The rosary is a part of the rhythm of my daily life. It has been that way for a long time now.
My parents taught me to pray the rosary when I was a child. They always taught my sisters and I that we had a mother in heaven who loves us — just as we had a mother on earth who loves us.
The rosary I use today belonged to my mother. She received it on the day I was ordained a priest at the Shrine of Nuestra Señora de Torreciudad in Spain, nearly 40 years ago. My ordination was a beautiful moment in my life and in the life of my family. And my mother prayed with this rosary until shortly before she died.
Recently I shared a picture of my rosary and a few words about where it came from on my social media channels — Facebook, Instagram and Twitter. We created a hashtag — #MyRosaryStory — and invited others to share pictures and stories about their rosaries.
The response was overwhelming. Nearly 1.2 million people were reached by the post on Facebook alone. There were 10,000 “likes” and more than 5,000 shares. More than 500 people added their own stories.
The numbers are not what matters to me. What matters is the depth of people’s love for Jesus and Mary. What matters is that we are praying the rosary! I really believe the rosary is a key to growing in our friendship with Jesus and our following him as missionary disciples.
I have been thinking about the rosary a lot during this month of Mary. We have been reflecting on prayer in this column during the weeks of Lent and Easter, concluding our reflections on the Our Father last week.
And I was thinking that the rosary is a lot like the Our Father — it’s a family prayer that teaches us the whole Gospel. The rosary is the prayer that we make as children of God who are looking at the life of Jesus Christ through the eyes of his mother, who is also our mother.
We see this in the many touching family stories that people are sharing at #MyRosaryStory. Here is just one of hundreds you can read on my Facebook page:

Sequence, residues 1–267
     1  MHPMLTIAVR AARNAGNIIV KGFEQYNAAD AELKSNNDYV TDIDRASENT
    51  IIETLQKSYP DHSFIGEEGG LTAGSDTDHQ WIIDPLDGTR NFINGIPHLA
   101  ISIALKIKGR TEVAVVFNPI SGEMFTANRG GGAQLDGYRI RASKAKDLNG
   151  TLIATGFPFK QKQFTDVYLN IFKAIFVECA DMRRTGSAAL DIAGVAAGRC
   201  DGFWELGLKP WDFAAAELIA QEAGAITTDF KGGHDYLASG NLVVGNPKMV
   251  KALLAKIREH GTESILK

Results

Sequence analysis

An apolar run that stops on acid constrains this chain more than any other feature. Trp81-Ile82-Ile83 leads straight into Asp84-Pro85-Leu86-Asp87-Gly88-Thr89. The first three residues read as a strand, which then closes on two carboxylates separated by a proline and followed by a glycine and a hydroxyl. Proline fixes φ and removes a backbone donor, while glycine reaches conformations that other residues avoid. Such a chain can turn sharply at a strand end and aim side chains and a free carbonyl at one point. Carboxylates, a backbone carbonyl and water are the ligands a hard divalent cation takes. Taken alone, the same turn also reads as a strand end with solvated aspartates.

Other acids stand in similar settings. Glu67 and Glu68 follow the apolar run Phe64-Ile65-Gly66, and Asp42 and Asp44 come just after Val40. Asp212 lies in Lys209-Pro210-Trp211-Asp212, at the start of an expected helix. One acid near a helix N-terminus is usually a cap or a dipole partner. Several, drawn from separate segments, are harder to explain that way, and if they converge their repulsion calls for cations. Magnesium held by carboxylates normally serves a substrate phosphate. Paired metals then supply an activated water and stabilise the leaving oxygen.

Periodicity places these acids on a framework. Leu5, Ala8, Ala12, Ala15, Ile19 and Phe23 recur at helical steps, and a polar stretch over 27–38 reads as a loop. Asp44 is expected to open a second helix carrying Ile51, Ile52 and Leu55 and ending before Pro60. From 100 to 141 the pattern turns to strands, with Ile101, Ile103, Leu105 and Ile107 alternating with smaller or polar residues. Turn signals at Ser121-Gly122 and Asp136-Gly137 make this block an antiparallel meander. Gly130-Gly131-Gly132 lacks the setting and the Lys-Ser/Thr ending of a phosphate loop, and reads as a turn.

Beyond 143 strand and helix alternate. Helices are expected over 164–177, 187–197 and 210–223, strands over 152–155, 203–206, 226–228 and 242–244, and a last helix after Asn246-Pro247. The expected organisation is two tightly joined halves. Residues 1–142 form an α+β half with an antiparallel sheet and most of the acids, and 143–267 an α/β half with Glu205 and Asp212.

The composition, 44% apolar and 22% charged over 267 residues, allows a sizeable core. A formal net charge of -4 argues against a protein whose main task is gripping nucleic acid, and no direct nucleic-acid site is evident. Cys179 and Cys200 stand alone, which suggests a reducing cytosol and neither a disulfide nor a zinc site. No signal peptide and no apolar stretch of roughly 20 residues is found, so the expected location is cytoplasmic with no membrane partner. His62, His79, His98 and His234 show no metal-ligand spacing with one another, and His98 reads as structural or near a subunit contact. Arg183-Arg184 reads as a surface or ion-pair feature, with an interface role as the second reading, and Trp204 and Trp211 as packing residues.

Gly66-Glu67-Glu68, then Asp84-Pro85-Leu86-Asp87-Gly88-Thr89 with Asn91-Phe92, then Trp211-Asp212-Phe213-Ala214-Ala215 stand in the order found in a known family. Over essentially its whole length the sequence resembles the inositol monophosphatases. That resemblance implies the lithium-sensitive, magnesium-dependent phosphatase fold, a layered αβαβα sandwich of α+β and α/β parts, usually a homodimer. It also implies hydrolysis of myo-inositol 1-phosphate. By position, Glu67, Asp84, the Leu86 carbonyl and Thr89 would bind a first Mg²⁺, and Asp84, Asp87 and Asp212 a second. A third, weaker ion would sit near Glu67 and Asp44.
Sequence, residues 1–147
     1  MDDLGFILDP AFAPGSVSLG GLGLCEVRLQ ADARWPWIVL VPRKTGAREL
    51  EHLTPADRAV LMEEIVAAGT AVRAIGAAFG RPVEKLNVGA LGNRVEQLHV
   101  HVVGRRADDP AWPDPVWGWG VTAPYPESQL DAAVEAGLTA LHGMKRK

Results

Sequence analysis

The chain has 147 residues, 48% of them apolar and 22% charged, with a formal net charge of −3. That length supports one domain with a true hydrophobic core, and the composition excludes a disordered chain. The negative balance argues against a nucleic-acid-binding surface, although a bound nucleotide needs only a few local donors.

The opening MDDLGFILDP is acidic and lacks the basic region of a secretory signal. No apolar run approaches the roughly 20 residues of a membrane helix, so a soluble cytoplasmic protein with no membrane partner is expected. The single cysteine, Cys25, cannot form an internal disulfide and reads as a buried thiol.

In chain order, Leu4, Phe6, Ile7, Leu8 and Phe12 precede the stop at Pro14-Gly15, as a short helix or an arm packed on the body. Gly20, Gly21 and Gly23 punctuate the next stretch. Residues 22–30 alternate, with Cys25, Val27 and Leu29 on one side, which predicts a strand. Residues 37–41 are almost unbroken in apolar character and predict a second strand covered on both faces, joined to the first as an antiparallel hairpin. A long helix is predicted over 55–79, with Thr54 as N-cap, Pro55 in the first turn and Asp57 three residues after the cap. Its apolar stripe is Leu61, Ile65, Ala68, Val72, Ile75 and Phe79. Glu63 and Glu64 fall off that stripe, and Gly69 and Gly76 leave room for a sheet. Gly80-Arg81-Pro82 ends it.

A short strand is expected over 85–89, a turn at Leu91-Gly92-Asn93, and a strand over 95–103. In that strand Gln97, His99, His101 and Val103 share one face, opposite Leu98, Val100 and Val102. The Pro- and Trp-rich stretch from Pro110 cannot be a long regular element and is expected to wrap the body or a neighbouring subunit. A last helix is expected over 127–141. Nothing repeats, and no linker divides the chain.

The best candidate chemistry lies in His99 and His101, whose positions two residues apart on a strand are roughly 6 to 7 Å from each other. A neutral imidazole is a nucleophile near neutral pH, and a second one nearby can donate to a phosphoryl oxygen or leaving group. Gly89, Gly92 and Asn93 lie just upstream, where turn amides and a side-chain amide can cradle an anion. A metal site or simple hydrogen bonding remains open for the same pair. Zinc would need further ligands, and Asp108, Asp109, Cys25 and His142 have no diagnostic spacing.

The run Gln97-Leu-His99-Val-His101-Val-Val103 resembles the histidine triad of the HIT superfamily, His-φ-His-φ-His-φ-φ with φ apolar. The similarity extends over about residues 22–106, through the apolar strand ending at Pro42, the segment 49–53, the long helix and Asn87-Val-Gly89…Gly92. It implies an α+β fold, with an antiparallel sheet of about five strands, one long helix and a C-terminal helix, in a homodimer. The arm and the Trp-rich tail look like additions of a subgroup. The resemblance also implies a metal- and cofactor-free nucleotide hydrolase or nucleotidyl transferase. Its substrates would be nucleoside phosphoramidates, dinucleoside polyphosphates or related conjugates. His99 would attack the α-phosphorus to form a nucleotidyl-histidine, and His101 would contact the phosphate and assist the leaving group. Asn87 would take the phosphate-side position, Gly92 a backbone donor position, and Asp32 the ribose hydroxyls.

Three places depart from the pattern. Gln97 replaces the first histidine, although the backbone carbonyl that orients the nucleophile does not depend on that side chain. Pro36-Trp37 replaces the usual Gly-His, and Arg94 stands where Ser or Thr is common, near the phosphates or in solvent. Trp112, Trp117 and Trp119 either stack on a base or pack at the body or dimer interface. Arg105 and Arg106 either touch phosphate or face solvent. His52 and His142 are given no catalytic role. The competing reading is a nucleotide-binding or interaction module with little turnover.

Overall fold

“I bought a beautiful blue rosary right after my 8-year-old daughter was diagnosed with leukemia. The blue matched her eyes. While I’ve prayed countless rosaries on it during her two-and-a-half year course of treatment, she also held it in her hands during every procedure she had to have. The anesthesiologists and nurses would all comment on how beautiful it was, and when she woke up in recovery it was always right there intertwined in her little fingers. This Saturday marks her last day of treatment and I’ll be giving her that rosary for her to keep. Thank you Blessed Mother for taking care of my little girl and interceding on her behalf. She is cancer free and healthy because of you. Praise Jesus.”
If we pray the rosary every day, we start to see our lives in the light of God’s plan for us. The mysteries of our lives becomes joined to the mysteries in Jesus’ life —from the joys of his birth and hidden childhood, to the light that he cast on the earth by his preaching, teaching and healing, to the sorrows of his suffering and death, and finally to the glory of the new creation that begins with his resurrection.
Like the Our Father, the rosary is a prayer of contemplation that leads to action. At the heart of the rosary are Mary’s words from the wedding feast at Cana, the second luminous mystery — “Do whatever he tells you.” We find this same spirit at the heart of the Our Father —“Thy will be done.”
Praying the rosary as children of God and children of Mary, we grow to see that our lives are “not about us.” Our lives are meant to be lived for God and for others — for our family and friends, the people of our society, especially the poor and vulnerable. It’s about God will, not our will.
There is an old expression for reciting the rosary, “telling the beads.” You’ll find this expression sometimes when reading older books — “The woman sat quietly, telling her beads.”
And the beads we tell, tell a story of their own — a story of family and faith, a story of love for Jesus and Mary.
So this week, let’s “tell our beads” for one another. And let’s ask our Blessed Mother to pray for us, that our own stories may more and more become a part of the beautiful story of salvation that God is writing in our world.